The Devil is in the Detail

Clothes can tell a lot about the people who wear them. While it’s not exactly a detailed biography, a person’s wardrobe can leave enough clues if you care to look for them. Costume designers know that part of their job is to help tell stories and they use every trick of the trade available to get this done.

A lot of the time, the references are obvious, like the red-white-and-blue of Captain America’s costume or the macabre shape of the crown in Black Swan. But the most amazing details are sometimes the most subtle ones, and spotting these can add a whole new dimension to characters and stories we think we already know so well.

Take Trish Summerville’s work in The Hunger Games: Catching Fire. Katniss Everdeen (Jennifer Lawrence) is not only struggling to save her loved ones, she is also clearly fighting the effects of PTSD. The opening shows that anything remotely connected to the previous film’s Games can trigger a panic attack so it is reasonable to assume that being forced to visit the Capitol on a glorified Victory Tour must be one of the most difficult things for her to do.

She manages to keep her cool however and, if you look closely at her right hand, you will see why. In all the scenes involving the Capitol – and, crucially, not in any other location – Katniss is wearing a special metal cuff on her right hand. Pay careful attention and you will notice that she seems to clutch it tightly whenever things get claustrophobic.

The most amazing details are sometimes the most subtle ones, and spotting these can add a whole new dimension to characters and stories we think we already know so well.

A simple enough accessory, until you realise that the cuff looks exactly like her archery guard. So, not only does she have a personalised stress reliever, it is also a reminder of who she really is. She might be attending Capitol events wearing fancy couture gowns and ridiculous makeup but the real Katniss is still the archer, the perennial survivor.

Another clever use of costume design to tell us about a character’s arc is Consolata Boyle’s work in The Iron Lady. Bearing in mind that she had to recreate Margaret Thatcher’s (Meryl Streep) most iconic outfits, such as what she wore to the 1984 Conservative Party conference, Boyle was still able to inject some of her creativity into the project and give a knowing wink to the audience in the process.

MerylStreep IronLady costumes

From the moment she is elected as MP for Finchley until her last day in 10 Downing Street, Thatcher is seen to only wear the Conservative Party’s traditional blue. This in itself is not such a unique choice, but the intricacy is taken a step further by playing with the shade. Specifically, the later in her career she is shown, the darker the shade of blue and, by extension, the more conservative she is implied to be.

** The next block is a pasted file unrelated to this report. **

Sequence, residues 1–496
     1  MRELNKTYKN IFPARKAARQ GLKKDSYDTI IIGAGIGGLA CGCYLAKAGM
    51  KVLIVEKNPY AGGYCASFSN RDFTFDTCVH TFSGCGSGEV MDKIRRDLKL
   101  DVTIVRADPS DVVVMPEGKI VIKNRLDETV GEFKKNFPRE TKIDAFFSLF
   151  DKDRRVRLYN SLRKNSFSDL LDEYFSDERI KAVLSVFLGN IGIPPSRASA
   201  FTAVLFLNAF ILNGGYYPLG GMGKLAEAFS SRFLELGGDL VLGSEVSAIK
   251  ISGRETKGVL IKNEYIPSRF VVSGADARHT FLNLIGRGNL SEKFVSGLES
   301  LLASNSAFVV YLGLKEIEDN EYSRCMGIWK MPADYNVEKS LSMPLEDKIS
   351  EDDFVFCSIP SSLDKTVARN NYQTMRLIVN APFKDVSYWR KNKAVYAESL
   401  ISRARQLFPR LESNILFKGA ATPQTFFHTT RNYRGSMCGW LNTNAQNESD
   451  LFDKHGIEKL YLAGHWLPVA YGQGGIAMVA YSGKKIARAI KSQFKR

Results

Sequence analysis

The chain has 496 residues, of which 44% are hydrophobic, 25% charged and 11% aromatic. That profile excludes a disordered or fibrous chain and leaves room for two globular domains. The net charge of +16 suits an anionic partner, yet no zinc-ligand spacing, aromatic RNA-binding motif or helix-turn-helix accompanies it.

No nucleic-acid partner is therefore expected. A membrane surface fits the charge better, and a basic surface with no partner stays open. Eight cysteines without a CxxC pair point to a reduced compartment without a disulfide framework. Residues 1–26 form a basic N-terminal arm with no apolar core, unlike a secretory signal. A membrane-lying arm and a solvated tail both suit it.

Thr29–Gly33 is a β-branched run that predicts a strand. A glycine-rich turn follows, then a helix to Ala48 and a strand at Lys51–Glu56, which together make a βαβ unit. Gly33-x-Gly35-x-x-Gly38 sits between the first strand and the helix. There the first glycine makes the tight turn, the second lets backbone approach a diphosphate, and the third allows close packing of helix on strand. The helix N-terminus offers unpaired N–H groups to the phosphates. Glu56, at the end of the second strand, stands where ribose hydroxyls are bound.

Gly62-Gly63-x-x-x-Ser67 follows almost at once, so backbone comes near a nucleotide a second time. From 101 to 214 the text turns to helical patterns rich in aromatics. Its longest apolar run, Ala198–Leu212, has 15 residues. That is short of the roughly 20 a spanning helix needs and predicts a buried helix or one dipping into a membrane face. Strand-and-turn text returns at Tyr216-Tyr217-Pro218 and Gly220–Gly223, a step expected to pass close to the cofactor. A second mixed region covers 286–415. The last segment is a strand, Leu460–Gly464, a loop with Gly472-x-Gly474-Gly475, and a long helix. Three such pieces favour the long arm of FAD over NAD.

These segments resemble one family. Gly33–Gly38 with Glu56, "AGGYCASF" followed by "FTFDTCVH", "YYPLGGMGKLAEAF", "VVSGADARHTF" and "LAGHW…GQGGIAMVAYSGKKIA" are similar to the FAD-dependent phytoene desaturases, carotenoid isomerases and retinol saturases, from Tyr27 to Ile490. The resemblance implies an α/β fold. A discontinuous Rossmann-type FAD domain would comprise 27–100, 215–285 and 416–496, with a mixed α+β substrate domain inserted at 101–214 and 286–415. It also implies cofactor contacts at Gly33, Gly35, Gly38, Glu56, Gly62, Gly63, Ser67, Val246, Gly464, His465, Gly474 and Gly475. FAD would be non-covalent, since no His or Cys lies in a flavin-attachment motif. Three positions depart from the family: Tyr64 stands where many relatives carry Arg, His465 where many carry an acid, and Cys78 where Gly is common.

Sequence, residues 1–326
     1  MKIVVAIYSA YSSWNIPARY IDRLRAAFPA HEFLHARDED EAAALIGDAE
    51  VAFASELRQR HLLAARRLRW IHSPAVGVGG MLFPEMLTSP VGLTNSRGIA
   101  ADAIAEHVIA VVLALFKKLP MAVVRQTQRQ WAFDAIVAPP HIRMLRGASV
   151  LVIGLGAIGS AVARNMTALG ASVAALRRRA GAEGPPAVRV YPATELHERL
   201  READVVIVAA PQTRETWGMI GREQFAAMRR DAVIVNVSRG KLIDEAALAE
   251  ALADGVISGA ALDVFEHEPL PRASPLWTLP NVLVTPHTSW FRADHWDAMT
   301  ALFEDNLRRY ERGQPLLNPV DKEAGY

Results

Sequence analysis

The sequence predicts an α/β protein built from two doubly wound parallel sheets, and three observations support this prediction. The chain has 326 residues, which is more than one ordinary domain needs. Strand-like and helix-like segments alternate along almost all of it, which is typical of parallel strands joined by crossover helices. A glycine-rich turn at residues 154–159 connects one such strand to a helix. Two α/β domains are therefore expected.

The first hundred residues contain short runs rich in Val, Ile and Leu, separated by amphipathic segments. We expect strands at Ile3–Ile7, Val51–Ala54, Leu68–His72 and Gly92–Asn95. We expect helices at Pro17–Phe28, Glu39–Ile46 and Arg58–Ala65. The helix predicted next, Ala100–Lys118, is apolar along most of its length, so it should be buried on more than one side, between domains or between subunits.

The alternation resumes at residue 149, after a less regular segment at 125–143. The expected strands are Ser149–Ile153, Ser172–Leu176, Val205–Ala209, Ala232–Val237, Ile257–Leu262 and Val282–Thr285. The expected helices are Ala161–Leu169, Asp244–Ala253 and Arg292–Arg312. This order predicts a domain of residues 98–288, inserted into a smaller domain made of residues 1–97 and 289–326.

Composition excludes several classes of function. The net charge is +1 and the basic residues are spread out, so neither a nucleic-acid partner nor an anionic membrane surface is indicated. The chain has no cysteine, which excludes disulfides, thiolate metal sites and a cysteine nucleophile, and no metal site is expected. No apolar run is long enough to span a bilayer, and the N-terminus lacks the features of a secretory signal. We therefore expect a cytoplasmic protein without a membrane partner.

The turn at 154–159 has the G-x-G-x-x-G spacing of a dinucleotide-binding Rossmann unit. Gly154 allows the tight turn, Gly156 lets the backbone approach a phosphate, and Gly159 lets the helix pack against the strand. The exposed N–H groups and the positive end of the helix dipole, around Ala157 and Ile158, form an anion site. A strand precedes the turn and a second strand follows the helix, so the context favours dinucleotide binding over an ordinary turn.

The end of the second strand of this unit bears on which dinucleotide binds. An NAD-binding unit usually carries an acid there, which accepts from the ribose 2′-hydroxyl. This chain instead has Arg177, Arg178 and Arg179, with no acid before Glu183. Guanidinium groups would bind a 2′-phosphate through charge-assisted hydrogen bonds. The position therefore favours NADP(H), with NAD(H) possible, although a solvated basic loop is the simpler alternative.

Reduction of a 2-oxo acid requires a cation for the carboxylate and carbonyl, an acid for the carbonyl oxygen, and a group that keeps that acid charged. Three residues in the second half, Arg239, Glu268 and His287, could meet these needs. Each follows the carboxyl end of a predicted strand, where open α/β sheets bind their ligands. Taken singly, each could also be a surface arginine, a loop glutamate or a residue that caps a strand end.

This is a case of artistic license as a quick scan through her political photographs shows that Mrs. Thatcher did not plan her wardrobe with quite such prophetic precision. On a different note, it also helps audiences recognise which part of her career is being referred to in specific flashbacks.

The work of the costume department is not just limited to enhancing character arcs. They can also give a feel for the world, often in nuanced and heart-breaking ways. In the alternate 1980s and 1990s of Never Let Me Go, the three protagonists, Kathy H. (Carey Mulligan), Tommy D. (Andrew Garfield) and Ruth C. (Keira Knightley) are all clones whose sole purpose in life is donate their organs so that their originals can live longer lives.


The social order reflects that, with the clones treated simultaneously as very valuable and also less than human. Part of creating this sense of separation between natural human and clone was the work of designers Rachael Fleming and Steven Noble, and it all came down to one chillingly simple detail. The clones all wear period appropriate clothing – including jackets that are one size too big for them. Just like their organs, their clothes do not fit.

Costumes are not just about putting menacing silhouettes on evil queens, making dapper suits for business moguls or creating over-the-top gowns for harried heroines. Just like every other aspect of behind-the-scenes work, they play an integral part to understanding how the story is shaped. And just like an Easter egg planted by the VFX crew or a clever use of dialogue by the screenwriter, the best bits are the subtle ones.

(Header Image Source, Image 1, Image 2)


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